Prison watchdog Howard Sapers said his office has previously recommended
that the Correctional Service of Canada explore all harm-reduction
options, including needle-exchange programs.

OTTAWA—The Liberal government should implement prison-based needle and
syringe programs to address rates of HIV and hepatitis C estimated to be
10 to 30 times higher than in the general population, proponents say.

Emily van der Meulen of Ryerson University, the lead author of a recent
study, said she wants to see the government review evidence on the
effectiveness of programs that have operated in countries like Switzerland
for more than 20 years.

“I’m hopeful that the government will look to this evidence, as well as to
our recent research report,” she said.

The issue is about health and human rights, she noted, adding that prisons
where such programs have been implemented have seen substantial benefits,
including reduced rates of needle-sharing and overdoses.

It would also be cost-effective, she said.

“The costs associated with HIV and hepatitis C virus are very high in
prison — roughly $30,000 per year for HIV treatment and about $60,000 for
hepatitis C,” she said.

“Research has shown that needle and syringe programs are among the most
cost-effective health measures for people who use drugs, whether in the
community or in prison.”

Canada lags behind on implementing such programs, said Sandra Ka Hon Chu
of the Canadian HIV/AIDS Legal Network.

“We have the resources in Canada to implement these programs,” she said.
“We have the evidence in Canada to implement these programs. There are
many groups across the country who support these programs.”

As the implementation push continues, the issue is playing out in court. A
former prisoner, along with organizations including the HIV/AIDS legal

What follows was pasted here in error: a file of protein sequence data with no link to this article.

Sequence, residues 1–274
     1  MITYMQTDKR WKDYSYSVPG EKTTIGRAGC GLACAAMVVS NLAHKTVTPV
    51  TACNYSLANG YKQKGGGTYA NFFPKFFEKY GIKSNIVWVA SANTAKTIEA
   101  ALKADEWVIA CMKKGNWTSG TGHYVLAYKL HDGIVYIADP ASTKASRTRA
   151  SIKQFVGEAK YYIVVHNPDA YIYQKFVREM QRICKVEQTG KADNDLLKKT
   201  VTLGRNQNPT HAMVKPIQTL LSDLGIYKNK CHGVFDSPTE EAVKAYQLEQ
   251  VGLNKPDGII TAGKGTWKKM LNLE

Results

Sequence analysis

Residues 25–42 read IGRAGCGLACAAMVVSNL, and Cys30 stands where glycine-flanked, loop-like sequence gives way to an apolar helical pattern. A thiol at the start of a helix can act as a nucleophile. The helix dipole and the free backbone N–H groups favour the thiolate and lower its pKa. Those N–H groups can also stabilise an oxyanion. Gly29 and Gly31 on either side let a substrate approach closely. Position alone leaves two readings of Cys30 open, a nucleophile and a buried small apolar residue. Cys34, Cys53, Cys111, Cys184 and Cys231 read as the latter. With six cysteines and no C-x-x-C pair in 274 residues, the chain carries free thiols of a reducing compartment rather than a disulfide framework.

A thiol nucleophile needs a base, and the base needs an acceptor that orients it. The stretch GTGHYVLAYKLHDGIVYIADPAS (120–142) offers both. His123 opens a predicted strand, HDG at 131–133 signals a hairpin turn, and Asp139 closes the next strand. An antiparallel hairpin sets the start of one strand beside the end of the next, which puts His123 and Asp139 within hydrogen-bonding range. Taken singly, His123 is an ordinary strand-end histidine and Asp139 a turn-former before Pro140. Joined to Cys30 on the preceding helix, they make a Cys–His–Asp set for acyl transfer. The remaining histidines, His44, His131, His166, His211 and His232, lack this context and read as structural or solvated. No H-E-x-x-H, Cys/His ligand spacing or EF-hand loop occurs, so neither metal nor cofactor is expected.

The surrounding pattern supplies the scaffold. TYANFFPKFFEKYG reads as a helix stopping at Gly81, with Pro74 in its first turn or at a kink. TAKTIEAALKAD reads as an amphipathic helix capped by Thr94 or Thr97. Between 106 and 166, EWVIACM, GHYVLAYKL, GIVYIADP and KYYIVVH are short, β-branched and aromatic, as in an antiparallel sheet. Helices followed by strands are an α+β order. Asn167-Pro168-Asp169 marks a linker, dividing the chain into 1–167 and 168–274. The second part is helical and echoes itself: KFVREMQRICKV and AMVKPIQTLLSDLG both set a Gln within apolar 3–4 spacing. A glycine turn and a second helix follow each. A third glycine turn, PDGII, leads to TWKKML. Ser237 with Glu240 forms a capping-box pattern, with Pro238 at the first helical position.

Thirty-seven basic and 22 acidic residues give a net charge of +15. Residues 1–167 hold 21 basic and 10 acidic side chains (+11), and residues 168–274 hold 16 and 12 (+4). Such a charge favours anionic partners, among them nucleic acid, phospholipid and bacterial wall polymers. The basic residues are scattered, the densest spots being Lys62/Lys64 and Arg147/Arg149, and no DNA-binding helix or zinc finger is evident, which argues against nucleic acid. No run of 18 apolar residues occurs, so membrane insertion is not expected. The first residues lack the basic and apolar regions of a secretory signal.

network, filed a lawsuit against the government in September 2012 because
it did not make needles and syringes available in prison to prevent the
spread of HIV and hepatitis C.

In an interview with The Canadian Press, prison watchdog Howard Sapers
said his office has previously recommended that the Correctional Service
of Canada explore all harm-reduction options, including needle-exchange
programs.

There are particular issues related to incarceration that accelerate the
spread of infectious diseases, especially those that are blood-borne,
Sapers said.

“You have a high density of people living in fairly confined spaces. You
also have contraband drug use, often injectable drug use. You have prison
tattooing and you also have sexual contact. All of these activities really
increase the chances of spreading disease and we see that manifest in
things like HIV rates, which are much higher inside an institution than
they are in the community outside the institution, and hepatitis rates.”
In a statement on Friday, a spokesperson for Public Safety Minister Ralph
Goodale said the government cannot comment on the prison-based needle
exchange and syringe issue due to the ongoing litigation.

The government is committed to implementing evidence-based policies, said
press secretary Scott Bardsley.

The minister has also been mandated to address gaps in services to
indigenous peoples and those suffering from mental illnesses in the
criminal justice system, including the often-interrelated issue of
addictions, he said.

Aboriginal women were identified as a particularly high-risk group because
they reported the highest rates of HIV and hepatitis C infections,